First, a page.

Although a state superior court judge last year dismissed a lawsuit filed against them by Vermont Catholics for Free Choice (VCFC), Chuck and Susan Baker, a Catholic couple, must return to court once again to defend their decision to refuse to print the materials for the pro-abortion group. On appeal, the Vermont Supreme Court over-turned the lower court’s decision that the Bakers’ religious beliefs would be burdened if they were forced to print VCFC’s material.
Early last year, Judge Linda Levitt ruled the Bakers’ constitutional rights must prevail over the state’s anti-discrimination statute, but by a vote of 3-2 the Vermont Supreme Court has sent the case back to the trial court on procedural grounds.
This case began in 1990 when Linda Paquette, a representative of VCFC, gave an order for membership cards to Regal Press, a printing company owned and operated by the Bakers. When the Bakers refused as a matter of principle to print the cards of this pro-abortion group, Paquette filed a complaint with the Vermont Human Rights Commission, charging the Bakers with religious discrimination for refusing to print the cards. The Commission found in favor of Paquette and the Vermont ACLU sued the Bakers on Paquette’s behalf.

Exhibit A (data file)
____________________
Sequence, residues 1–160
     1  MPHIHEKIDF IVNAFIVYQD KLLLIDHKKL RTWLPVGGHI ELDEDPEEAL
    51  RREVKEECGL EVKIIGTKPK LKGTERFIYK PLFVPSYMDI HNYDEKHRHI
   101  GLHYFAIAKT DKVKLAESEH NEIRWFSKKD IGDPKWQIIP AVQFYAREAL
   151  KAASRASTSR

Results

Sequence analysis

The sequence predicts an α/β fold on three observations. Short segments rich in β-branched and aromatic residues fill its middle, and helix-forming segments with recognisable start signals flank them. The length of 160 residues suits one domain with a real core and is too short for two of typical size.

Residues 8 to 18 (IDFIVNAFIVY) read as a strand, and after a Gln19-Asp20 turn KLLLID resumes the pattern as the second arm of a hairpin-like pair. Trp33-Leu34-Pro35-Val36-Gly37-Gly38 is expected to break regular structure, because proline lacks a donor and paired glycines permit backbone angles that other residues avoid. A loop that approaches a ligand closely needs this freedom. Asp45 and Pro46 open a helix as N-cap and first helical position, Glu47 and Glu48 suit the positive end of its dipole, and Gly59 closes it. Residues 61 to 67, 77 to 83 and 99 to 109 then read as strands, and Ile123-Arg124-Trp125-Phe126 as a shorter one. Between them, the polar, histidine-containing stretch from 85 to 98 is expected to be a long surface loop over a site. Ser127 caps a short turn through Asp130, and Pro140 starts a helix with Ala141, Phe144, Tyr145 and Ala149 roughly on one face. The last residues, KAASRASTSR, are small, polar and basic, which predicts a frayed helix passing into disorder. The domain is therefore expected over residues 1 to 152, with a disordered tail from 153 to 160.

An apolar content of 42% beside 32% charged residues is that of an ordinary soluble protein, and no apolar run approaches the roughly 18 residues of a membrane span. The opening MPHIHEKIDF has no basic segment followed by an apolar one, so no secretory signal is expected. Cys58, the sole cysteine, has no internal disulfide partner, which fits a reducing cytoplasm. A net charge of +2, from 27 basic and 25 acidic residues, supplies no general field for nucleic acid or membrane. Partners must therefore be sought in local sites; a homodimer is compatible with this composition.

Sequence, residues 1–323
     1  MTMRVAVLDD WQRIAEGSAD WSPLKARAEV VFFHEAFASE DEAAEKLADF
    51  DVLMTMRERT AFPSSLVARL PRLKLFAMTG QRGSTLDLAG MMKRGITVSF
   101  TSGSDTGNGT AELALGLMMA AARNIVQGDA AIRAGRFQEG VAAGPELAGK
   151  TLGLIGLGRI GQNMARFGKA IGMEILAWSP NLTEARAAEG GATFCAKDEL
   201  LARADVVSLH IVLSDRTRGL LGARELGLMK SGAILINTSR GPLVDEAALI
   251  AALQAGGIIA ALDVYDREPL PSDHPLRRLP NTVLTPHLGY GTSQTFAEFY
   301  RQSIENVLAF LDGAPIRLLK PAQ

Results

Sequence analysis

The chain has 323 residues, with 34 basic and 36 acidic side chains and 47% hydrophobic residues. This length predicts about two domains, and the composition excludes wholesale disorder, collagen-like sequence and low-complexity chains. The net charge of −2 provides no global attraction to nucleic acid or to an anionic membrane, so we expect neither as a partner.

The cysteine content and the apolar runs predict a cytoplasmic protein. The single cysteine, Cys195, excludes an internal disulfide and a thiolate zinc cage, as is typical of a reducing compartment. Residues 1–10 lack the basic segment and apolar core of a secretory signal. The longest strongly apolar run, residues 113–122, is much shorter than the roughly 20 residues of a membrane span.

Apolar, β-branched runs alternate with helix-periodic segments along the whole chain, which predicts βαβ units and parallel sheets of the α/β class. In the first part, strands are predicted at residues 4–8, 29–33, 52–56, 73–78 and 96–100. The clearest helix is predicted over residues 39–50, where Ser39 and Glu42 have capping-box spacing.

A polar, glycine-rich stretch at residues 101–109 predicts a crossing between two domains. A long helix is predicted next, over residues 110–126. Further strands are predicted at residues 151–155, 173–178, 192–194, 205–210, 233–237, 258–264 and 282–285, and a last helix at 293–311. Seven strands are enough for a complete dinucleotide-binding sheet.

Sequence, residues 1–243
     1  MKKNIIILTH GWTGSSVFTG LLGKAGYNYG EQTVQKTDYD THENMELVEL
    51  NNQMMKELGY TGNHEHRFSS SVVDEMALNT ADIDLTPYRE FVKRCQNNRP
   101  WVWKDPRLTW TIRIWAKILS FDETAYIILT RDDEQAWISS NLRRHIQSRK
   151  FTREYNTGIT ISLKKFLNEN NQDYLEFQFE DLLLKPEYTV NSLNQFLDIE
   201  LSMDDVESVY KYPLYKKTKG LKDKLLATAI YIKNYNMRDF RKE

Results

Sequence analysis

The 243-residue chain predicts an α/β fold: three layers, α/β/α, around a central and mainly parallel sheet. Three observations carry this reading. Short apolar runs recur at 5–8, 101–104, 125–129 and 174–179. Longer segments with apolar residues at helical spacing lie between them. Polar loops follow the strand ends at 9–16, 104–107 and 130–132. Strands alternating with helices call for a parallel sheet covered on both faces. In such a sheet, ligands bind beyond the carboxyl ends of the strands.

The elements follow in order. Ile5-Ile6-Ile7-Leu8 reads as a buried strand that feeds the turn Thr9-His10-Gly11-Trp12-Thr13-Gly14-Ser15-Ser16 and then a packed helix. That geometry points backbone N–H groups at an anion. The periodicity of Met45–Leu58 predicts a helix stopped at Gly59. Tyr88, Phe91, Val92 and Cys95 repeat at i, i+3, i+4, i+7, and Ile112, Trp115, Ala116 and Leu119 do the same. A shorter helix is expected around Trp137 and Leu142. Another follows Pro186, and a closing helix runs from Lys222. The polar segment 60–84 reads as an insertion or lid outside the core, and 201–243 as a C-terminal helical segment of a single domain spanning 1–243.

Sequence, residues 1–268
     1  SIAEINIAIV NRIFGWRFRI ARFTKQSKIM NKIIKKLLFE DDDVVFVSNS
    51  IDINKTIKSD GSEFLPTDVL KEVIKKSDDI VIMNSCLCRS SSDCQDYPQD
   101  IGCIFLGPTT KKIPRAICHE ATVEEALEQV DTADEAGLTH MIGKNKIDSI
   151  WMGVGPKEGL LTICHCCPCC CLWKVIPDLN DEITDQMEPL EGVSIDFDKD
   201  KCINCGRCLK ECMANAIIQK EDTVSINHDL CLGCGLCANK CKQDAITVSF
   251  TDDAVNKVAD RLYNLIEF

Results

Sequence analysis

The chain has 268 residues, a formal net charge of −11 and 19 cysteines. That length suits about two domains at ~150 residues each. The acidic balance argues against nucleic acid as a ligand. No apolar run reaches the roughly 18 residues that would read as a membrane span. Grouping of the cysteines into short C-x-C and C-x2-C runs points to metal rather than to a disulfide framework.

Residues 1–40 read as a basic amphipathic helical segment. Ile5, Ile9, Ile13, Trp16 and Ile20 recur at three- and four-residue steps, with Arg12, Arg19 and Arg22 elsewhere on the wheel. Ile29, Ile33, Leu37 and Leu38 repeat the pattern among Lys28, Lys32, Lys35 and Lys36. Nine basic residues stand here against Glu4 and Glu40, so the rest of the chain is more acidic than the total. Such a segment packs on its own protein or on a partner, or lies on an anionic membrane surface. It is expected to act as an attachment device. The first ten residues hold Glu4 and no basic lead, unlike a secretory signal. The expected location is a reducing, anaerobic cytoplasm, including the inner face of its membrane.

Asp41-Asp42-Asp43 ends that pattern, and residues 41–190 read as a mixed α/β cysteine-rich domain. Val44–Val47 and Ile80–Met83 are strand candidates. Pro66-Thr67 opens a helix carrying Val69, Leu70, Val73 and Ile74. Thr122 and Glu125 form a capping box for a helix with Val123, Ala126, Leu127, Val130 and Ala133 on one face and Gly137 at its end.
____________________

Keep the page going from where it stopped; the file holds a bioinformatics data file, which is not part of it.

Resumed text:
Throughout their long ordeal, the Bakers have been defended by the Catholic League, Free Speech Advocates, the American Center for Law and Justice, Christian Advocates serving Evangelism and local attorneys.